Mazda at 100 — A history of the MX models

When people hear the names “Mazda” and “MX,” visions of the universally adored Mazda MX-5 (a.k.a. Miata) always come to mind. But did you know that the model prefix “MX” was first used by the Hiroshima-based company a full five years before the first MX-5 was born? And it wasn’t even for a top-down sports car?

Well, a look back through Mazda’s history highlights that the MX name pre-dates the world’s bestselling roadster and in fact has been used more than a dozen times across a broad spread of production, concept and racing Mazdas.

The MX prefix is given to a car that takes on a challenge to create and deliver new values without being confined by convention regardless of vehicle type. When it was revealed in 1989 the Mazda MX-5 was exactly this kind of car, as the automotive industry as a whole moved away from the affordable sports car, Mazda defied convention to create a perfect modern reinterpretation of the classic rear-wheel drive roadster.

More than three decades later the MX-5 needs no introduction, but the first car to wear the MX badge is less famous. Revealed in 1981, the Mazda MX-81 Aria concept car was created by Italian styling house Bertone, which used Mazda 323 running gear to create a futuristic wedge-shaped hatchback. With its gold paint, huge glasshouse and pop-up lights it stood out at the Tokyo Motor Show, but with its recessed square steering wheel, TV screen cockpit and side swinging front seats, it was arguably the interior that was the most radical. A one-off concept that certainly met the defy-convention ethos of MX models, it led to styling details like the high-mounted taillights and pop-up headlamps that appeared in future Mazda production cars later in the 80s.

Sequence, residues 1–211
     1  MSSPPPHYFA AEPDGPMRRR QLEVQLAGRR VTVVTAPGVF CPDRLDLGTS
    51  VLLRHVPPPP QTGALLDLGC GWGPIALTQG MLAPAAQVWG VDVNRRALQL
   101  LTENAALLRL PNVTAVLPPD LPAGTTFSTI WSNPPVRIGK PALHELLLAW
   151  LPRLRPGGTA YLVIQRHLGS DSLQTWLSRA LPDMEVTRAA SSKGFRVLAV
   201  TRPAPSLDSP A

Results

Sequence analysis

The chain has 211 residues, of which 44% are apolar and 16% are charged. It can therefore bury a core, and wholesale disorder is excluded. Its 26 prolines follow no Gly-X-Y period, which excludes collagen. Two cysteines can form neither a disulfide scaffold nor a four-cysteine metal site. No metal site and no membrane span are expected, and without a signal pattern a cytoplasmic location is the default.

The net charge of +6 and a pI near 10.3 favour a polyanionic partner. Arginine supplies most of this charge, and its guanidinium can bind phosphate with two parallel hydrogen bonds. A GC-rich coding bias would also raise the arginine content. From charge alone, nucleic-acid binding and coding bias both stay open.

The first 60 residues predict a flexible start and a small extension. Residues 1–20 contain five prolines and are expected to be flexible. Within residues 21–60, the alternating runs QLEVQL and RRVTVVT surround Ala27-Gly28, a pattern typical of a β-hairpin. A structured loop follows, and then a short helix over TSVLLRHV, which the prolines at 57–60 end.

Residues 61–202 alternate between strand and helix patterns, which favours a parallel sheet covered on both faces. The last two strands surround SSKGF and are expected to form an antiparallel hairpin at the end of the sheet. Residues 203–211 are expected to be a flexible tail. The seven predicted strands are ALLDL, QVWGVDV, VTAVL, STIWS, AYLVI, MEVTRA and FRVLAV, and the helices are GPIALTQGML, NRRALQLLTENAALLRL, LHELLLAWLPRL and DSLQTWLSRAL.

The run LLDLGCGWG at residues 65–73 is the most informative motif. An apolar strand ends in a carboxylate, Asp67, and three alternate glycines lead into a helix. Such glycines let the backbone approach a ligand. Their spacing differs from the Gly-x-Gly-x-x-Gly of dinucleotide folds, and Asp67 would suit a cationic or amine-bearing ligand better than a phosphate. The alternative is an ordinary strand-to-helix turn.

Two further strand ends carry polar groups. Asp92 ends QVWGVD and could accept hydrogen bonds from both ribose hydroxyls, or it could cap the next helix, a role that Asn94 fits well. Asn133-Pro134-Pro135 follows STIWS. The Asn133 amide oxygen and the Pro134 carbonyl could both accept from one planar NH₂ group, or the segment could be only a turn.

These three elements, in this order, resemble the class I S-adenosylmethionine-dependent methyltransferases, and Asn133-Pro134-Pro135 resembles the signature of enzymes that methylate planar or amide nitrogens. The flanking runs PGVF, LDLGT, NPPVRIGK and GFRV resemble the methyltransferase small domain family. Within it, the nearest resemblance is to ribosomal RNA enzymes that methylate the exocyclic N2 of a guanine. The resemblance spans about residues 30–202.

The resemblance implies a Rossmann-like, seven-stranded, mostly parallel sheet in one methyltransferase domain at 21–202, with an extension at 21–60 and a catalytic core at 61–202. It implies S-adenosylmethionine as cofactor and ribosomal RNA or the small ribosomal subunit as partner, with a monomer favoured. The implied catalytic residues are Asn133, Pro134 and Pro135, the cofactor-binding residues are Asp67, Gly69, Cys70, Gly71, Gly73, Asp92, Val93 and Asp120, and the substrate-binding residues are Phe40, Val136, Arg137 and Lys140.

The very first MX–Mazda’s MX-81 Aria concept designed by Italy’s Bertone design house

Next in the MX lineage was the 1983 MX-02 concept car, a big flat-sided five-door hatch with large windows, aerodynamic rear wheel covers and flared in door mirrors. Unique features included rear wheel steering and a windscreen head-up display. The one-off theme continued with the 1985 Mazda MX-03, which again was a radical looking concept car, but this time it was a convention-defying sports car powered by a triple-rotor 315ps engine. Conceived purely as a concept, this low-slung coupe, was pure futuristic exuberance, with a cabin that featured an aircraft style yoke rather than a wheel, plus digital displays and a head-up display, its technology tally also including four-wheel steering and all-wheel drive, while the long low body delivered an aerodynamic Cd figure of just 0.25.

The 1987 Mazda MX-04 concept predated the current MX-5 RF’s retractable hardtop by having a removable glass dome.

While the MX-02 and MX-03 shared some of the same futuristic design cues, the MX-04 was completely different. Revealed at the 1987 Tokyo Motor Show, the MX-04 was a front-engine rear-wheel drive sports car chassis that had removable fiberglass panels, but not just one, but two different sets, allowing the car to switch from a glass dome roofed coupe to a beach buggy style open sided roadster. Powered by a rotary engine, this shape-shifting sports car was never a serious contender for production, but little did outsiders know that Mazda was already developing the MX-5, and just two-years later, the most famous car to wear a MX badge arrived.

Four generations of the most famous MX of all–the Mazda MX-5/Miata